Protected disclosure is when an individual reports/exposes the wrongdoing of a company in the public interest.

An employee has many benefits to exposing a company’s wrongdoings. For example, it allows an employee to act on their ethical and moral principles, it promotes accountability and there is also protection put in place to shield employees from suffering adverse consequences because of the whistleblowing.

Who is protected?

Whistleblowing legislation protects employees, workers, certain job applicants in the NHS and those in Crown Employment.

If an employee makes a protected disclosure in the public interest, they have a right not to suffer any detriment and/or be subject to automatic dismissal.

There are two ways an employee could bring a claim:

  1. Automatic unfair dismissal

An employee will be regarded as automatically unfairly dismissed if the reason for the dismissal is that the employee has made a protected disclosure and the disclosure made was a protected disclosure within the Employment Rights Act 1996. This also waives the qualifying period of service, which is usually required in an unfair dismissal claim.

  1. Detriment suffered

This will apply if an employee has made a protected disclosure and has suffered a detriment as a result. An employee will need to prove this, and the employer will have the burden to prove a reason for the treatment.

If any of these apply, an employee and/or worker may be able to bring a claim in the employment tribunal.

The significance for employers having a whistleblowing policy

Previously, there was a widespread recognition that organisations had a culture which discouraged the reporting of wrongdoing and viewed whistleblowing as an act of disloyalty. As a result, it allowed companies to commit fraud and corruption.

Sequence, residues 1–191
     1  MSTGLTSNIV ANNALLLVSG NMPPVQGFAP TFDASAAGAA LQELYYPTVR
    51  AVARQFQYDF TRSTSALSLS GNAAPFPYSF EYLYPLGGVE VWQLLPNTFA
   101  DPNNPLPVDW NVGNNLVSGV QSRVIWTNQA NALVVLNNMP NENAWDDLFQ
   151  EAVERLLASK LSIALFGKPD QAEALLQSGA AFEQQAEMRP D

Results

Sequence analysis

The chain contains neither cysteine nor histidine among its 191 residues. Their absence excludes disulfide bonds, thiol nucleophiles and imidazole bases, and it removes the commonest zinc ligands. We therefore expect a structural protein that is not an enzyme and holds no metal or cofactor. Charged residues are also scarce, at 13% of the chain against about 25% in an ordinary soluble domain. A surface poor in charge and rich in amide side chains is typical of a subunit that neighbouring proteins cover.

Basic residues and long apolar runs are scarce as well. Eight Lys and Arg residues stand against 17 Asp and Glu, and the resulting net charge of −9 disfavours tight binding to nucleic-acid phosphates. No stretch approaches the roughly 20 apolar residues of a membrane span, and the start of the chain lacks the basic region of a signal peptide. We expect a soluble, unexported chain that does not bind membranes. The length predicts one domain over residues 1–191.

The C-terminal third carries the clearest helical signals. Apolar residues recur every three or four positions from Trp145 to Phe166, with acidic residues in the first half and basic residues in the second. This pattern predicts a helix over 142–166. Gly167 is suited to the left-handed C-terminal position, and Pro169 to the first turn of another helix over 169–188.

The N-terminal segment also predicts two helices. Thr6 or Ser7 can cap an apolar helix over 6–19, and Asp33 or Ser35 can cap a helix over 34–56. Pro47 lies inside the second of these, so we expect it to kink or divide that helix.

As a result, whistleblowing legislation came into place, which refrains employers from dismissing workers and/or subjecting them to any other detriment because of the protected disclosure.

The benefits of incorporating a whistleblowing policy:

  • It allows a transparency and openness, where individuals in the workplace do not feel that they will be victimized if they expose a wrongdoing.
  • It allows effective compliance and internal control, as any concerns can be addressed to avoid more serious breaches and reputational damage.
  • It avoids an employee from reporting their concerns externally, which could cause a serious reputational risk to an employer.
  • It will lessen the risk that whistleblowers will be dismissed or suffer a detriment which could lead to litigation under the whistleblowing legislation.
  • It encourages a positive culture and create a safe working environment for employees.
  • Avoids potential criminal liability.

A whistleblowing policy is essential to maintaining transparency, upholding ethical standards, and addressing issues promptly. Ultimately, it benefits employees, stakeholders, and the broader community by helping protect the organisation’s interests and fostering a more ethical and responsible corporate culture.

Do you need employment advice regarding whistleblowing? Call our expert team on 01423 788538 or email

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Catherine Reynolds
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